JavaLoader – The Order in which Libraries are Loaded.

I realised something today, I've been telling something about the JavaLoader that isn't true.

By default, JavaLoader loads the ColdFusion class path as its parent when loading in custom Java libraries.

This means that if JavaLoader can't find a class that you are loading through it via the Jars that you have loaded, it will look to what ColdFusion has loaded to see if it can find it there.

I had always assumed that if you loaded something, say for example, the newer version of log4j with JavaLoader, for the Jars loaded with JavaLoader, they would see the newer version, rather than the older version of log4j with ColdFusion.

This is actually, completely and utterly false. I apologise for all the frustration I probably incurred on people for making this statement.

Reading the Java docs it explicitly says : 'When requested to find a class or resource, a ClassLoader instance will delegate the search for the class or resource to its parent class loader before attempting to find the class or resource itself.'

So this means that when looking for log4j – the one in ColdFusion actually takes precedence!

This makes sense in the Java world, as it allows for less confusion from the Java engine to be able to resolve classes – but from a ColdFusion perspective it makes life very difficult as we don't have the ability to modify what is loaded at application startup as we would if we had written a Java application from scratch.

A workaround for this is to pass Java null into the JavaLoader as a second variable like so:

loader = createObject("component", "JavaLoader").init(paths, JavaCast("null", ""));

This will create a JavaLoader that is not set with ColdFusion as the parent.

I am currently working on JavaLoader 0.3, that will make the precedence on the loaded classes that will solve this problem all up, as well as some parameters to avoid loading the ColdFusion classpath altogether, but I thought I would give people a heads up now to avoid frustration down the road.

Leave a Comment


  • PaulH | December 1, 2006

    told you so 😉 btw i worked around this for iText by simply refactoring the iText lib into iTextNew lib but i’ll give your workaround a spin.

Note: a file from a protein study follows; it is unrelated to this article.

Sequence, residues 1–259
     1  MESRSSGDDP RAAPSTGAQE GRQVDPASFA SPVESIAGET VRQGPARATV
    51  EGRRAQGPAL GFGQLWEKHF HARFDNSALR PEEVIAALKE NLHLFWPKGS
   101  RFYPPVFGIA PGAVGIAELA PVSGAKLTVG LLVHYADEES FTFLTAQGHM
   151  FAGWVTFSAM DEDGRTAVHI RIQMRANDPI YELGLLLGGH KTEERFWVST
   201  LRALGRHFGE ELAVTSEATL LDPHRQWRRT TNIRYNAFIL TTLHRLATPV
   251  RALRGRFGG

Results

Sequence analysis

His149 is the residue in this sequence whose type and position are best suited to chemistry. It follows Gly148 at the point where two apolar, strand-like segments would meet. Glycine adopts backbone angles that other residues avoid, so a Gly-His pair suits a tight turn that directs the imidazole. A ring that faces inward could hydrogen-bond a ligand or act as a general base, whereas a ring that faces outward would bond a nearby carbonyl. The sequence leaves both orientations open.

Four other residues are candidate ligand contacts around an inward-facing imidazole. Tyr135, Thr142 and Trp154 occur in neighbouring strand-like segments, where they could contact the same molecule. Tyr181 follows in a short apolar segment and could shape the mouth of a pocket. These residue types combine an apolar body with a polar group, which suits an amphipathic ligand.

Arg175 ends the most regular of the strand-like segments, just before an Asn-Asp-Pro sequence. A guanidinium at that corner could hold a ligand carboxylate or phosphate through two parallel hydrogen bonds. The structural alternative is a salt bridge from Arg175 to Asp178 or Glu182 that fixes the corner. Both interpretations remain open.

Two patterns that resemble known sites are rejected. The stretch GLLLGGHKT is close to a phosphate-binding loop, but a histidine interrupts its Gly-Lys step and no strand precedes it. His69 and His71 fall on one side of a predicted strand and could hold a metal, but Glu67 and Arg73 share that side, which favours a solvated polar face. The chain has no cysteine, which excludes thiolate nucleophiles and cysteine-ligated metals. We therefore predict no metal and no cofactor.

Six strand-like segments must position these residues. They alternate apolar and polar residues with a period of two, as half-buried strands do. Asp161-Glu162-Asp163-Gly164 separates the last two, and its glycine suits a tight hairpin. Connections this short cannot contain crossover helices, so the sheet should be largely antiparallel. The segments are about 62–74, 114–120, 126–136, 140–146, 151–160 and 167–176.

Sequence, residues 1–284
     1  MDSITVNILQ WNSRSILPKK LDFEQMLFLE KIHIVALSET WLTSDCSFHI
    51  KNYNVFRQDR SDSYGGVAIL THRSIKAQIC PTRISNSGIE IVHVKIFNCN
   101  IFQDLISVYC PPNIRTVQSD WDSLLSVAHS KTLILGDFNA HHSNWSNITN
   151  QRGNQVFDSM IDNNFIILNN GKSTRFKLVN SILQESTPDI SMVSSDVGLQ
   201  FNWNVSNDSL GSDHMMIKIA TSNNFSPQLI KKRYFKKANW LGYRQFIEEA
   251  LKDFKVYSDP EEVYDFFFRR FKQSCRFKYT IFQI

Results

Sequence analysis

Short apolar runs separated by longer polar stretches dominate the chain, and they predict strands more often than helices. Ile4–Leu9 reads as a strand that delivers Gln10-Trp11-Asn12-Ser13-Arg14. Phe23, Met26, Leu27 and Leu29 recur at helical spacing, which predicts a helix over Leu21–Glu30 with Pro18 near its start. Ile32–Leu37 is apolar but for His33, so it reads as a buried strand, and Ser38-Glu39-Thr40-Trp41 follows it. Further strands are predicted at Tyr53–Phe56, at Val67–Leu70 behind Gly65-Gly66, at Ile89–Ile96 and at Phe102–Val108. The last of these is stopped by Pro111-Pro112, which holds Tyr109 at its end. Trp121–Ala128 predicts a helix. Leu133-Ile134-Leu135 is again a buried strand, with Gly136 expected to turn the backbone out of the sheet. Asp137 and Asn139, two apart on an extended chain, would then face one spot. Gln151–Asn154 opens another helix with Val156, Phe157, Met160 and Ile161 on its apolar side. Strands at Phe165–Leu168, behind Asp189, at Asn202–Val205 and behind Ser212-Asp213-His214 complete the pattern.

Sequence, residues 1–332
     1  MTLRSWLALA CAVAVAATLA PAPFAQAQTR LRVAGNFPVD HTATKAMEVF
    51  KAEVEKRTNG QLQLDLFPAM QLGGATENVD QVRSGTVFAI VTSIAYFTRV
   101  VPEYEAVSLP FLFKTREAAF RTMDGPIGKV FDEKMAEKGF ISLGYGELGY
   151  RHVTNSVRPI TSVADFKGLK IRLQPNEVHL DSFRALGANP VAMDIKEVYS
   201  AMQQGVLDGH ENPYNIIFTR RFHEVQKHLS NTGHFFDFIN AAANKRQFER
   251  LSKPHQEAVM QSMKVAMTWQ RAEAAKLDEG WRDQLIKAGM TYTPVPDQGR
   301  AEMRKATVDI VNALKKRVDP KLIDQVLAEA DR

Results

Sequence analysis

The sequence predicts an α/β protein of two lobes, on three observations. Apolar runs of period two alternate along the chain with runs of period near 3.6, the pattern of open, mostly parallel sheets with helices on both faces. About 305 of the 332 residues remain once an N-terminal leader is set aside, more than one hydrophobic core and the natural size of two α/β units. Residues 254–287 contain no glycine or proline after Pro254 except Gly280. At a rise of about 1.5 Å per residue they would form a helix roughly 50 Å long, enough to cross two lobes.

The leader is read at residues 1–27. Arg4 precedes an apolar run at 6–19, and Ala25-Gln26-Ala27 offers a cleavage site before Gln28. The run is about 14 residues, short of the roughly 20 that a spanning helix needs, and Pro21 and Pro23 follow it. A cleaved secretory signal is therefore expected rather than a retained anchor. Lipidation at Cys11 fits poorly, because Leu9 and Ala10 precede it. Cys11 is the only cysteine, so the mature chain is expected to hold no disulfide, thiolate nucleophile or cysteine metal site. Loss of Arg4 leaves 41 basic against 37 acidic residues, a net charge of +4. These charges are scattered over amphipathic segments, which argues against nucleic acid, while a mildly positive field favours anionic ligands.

• Mark | December 2, 2006

    Yeah.. I know.. I’m a little thick sometimes. But I get there in th end.

    I swear it worked with Hiberanate and the new log4j… but have just been one of those weird little programming moments. :oP

  • Steve Brownlee | December 2, 2006

    You actually can set the order of the classpath at application startup. In the web.xml you can add paths to the ‘macromedia_context_88’ context-param. Not sure if that’s specifically what you were focusing on, but thought I’d mention it.

  • Mark | December 3, 2006

    Steve –

    Not sure how you can change the order on a URLClassLoader, as its actually set within the class itself (I looked at the code), and it doesn’t go looking for any J2EE variables, as it is a J2SE core class.

    The neat thing is I can extend the URLCLassLoader, and write my own that does the searching in the order I want, so that will be what I end up doing.

  • Luis Majano | December 6, 2006

    Thanks Mark!! Can you advice when ready so I can in turn place the updated code in the coldbox javaloader plugin?? So I can keep it up to date.


  • mati | December 23, 2006


  • Qasim Rasheed | December 26, 2006


    I tried your suggestion on a log4j implementation and unfortunuately passing the null as the parent Class Loader argument do not solve the problem either. I end up getting errors in the CF logs that log4j cannot be initialized properly or something like that. FWIW.

    Thanks for great work though.

  • Mark | December 26, 2006


    Feel free to email me the code, so I can see what your issue is.

    JavaLoader 0.3 should be out in the new year, and that should definitely solve all your problems. Check out, and have a look in SVN – its pretty much there already.

  • Hedman Header | September 27, 2007

    Is it possible to tell ColdFusion where to load a Java class dynamically at runtime, rather than basically hard-coding it via ColdFusion administrator? Thanks.

  • Mark Mandel | September 28, 2007

    @Hedman – that’s what JavaLoader is for.